Over time, Harvard and the rest will divest. It took them a decade to even partially sell their racist South African stock, but I bet this will go more quickly. It will go more quickly because arguments travel more quickly now. The amazing students around the country who are pressing this campaign have the technological tools for minute-by-minute coordination. It will move more quickly because it’s abundantly clear that those students are actually doing their endowments a favor by warning them off fossil fuel stocks. If and when the world actually tackles climate change, their values will start to fall, as analysts at far left institutions like HSBC Bank have made clear.

Mostly, though, this fight will go more quickly because Mother Nature is increasingly cutting through every last bit of the self-serving nonsense that the do-nothings have been putting out. Faust, for instance, said Harvard would use its endowment only on issues of fundamental importance. The answer from the Antarctic: The news that the great ice sheet had begun an irreversible melt, adding ten feet to projections of sea level rise. Harvard owns a piece of that flood,and a piece of the typhoon that slammed into the Philip-pines last fall, leaving millions homeless, and a piece of the massive drought now cauterizing California. At a certain point, the moral pressure will simply get too great, and they and the others will act.

And when they do, it won’t solve global warming. But it will weaken the political hand of the bad guys, and give us a better shot at applying science and reason to the greatest crisis we’ve ever faced.

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Bill McKibben is founder of 350.org, the global climate campaign.

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By Wendell Berry

Manifesto: The Mad Farmer Liberation Front

Love the quick profit, the annual raise,
vacation with pay. Want more 
of everything ready made. Be afraid 
to know your neighbors and to die.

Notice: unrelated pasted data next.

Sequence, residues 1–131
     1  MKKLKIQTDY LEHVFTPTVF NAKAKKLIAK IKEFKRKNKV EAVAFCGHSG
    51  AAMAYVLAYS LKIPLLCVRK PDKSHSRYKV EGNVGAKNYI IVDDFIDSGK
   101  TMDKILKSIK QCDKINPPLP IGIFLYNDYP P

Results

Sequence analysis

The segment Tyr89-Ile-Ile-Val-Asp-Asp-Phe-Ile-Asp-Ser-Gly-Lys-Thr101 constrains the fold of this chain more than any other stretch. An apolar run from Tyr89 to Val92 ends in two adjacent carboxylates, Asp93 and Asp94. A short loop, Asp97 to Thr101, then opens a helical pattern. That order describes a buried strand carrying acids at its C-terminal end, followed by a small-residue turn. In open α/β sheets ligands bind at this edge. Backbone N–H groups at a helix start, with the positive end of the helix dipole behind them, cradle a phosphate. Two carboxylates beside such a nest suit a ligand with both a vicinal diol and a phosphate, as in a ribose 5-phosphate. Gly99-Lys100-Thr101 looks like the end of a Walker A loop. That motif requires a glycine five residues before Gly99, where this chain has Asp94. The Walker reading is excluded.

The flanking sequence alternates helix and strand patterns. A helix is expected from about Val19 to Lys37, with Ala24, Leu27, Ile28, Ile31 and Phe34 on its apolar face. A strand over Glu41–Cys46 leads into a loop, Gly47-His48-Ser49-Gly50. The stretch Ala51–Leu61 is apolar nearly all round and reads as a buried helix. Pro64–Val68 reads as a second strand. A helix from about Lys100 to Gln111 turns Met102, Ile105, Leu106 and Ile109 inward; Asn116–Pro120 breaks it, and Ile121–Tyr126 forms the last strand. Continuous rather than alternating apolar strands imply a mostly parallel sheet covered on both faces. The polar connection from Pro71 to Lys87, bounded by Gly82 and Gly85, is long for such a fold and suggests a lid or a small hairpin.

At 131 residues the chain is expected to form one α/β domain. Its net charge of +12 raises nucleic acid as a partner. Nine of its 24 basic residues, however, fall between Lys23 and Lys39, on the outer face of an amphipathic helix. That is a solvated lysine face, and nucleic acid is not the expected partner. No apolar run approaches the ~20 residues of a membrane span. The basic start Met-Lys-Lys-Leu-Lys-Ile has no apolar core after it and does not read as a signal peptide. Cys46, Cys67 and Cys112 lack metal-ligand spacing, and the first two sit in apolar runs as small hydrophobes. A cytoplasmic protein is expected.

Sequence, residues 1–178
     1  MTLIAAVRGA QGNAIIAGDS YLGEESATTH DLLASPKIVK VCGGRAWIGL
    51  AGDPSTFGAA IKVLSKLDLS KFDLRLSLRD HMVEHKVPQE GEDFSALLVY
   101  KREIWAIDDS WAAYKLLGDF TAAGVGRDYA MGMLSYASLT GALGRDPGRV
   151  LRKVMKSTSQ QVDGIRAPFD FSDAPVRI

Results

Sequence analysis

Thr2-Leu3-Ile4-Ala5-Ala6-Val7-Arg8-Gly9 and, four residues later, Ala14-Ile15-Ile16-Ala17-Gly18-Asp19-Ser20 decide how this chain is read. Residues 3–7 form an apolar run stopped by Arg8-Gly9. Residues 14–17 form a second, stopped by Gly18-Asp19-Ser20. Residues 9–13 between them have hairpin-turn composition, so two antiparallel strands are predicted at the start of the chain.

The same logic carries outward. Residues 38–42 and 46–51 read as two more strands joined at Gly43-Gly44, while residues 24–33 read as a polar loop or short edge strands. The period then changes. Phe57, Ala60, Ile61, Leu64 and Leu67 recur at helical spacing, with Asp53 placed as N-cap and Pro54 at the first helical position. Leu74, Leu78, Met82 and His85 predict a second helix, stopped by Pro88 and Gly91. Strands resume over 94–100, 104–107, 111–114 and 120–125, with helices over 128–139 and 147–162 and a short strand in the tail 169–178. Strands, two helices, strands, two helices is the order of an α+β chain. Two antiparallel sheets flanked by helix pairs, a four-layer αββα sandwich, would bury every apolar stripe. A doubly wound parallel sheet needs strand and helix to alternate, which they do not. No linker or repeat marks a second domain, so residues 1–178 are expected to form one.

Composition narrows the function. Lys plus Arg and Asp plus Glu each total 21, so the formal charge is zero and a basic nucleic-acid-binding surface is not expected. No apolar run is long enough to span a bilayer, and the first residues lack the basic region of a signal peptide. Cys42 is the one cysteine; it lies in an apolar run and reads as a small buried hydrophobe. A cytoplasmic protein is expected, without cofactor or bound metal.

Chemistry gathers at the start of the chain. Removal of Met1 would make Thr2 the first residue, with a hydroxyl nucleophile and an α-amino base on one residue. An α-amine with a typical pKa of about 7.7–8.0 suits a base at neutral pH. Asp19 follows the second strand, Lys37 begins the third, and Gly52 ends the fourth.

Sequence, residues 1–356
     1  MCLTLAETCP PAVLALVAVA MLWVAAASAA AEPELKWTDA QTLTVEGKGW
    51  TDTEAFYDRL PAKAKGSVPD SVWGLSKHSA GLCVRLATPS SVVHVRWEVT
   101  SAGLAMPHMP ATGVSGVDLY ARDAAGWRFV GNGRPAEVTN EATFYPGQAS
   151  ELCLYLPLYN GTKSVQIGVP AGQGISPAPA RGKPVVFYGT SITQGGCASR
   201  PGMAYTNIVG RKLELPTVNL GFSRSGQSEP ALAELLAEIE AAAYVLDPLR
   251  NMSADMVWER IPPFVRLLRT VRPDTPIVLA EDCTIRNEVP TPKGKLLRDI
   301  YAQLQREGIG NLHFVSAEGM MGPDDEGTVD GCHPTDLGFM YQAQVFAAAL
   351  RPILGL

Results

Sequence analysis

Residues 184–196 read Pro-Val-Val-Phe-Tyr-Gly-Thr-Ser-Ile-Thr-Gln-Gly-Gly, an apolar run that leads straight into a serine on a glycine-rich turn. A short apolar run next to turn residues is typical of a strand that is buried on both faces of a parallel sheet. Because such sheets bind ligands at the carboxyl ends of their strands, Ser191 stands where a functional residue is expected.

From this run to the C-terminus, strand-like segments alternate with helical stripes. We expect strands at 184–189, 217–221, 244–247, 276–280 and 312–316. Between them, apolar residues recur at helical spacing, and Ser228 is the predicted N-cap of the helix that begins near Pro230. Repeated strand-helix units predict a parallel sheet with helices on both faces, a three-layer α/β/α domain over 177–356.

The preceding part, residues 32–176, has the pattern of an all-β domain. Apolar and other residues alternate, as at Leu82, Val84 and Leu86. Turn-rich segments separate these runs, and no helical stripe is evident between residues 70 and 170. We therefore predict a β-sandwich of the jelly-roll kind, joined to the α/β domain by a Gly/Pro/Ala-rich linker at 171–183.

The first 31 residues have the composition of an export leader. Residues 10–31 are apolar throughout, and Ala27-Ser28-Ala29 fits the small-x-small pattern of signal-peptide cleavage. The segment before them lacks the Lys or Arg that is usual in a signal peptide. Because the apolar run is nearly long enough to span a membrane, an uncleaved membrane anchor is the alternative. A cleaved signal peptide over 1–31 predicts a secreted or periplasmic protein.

And you will have a window in your head.
Not even your future will be a mystery 
any more. Your mind will be punched in a card 
and shut away in a little drawer.
When they want you to buy something 
they will call you. When they want you
to die for profit they will let you know. 
So, friends, every day do something
that won’t compute. Love the Lord. 
Love the world. Work for nothing. 
Take all that you have and be poor.
Love someone who does not deserve it. 
Denounce the government and embrace 
the flag. Hope to live in that free 
republic for which it stands. 
Give your approval to all you cannot
understand. Praise ignorance, for what man 
has not encountered he has not destroyed.
Ask the questions that have no answers. 
Invest in the millennium. Plant sequoias.
Say that your main crop is the forest
that you did not plant,
that you will not live to harvest.


Say that the leaves are harvested 
when they have rotted into the mold.
Call that profit. Prophesy such returns.
Put your faith in the two inches of humus 
that will build under the trees
every thousand years.
Listen to carrion—put your ear
close, and hear the faint chattering
of the songs that are to come. 
Expect the end of the world. Laugh. 
Laughter is immeasurable. Be joyful
though you have considered all the facts. 
So long as women do not go cheap 
for power, please women more than men.
Ask yourself: Will this satisfy 
a woman satisfied to bear a child?
Will this disturb the sleep 
of a woman near to giving birth? 
Go with your love to the fields.
Lie easy in the shade. Rest your head 
in her lap. Swear allegiance 
to what is nighest your thoughts.
As soon as the generals and the politicos 
can predict the motions of your mind, 
lose it. Leave it as a sign 
to mark the false trail, the way 
you didn’t go. Be like the fox 
who makes more tracks than necessary, 
some in the wrong direction.
Practice resurrection.

Wendell Berry is a poet, farmer, and environmentalist in Kentucky. This poem, first published in 1973, is reprinted by permission of the author and appears in his “New Collected Poems” (Counterpoint).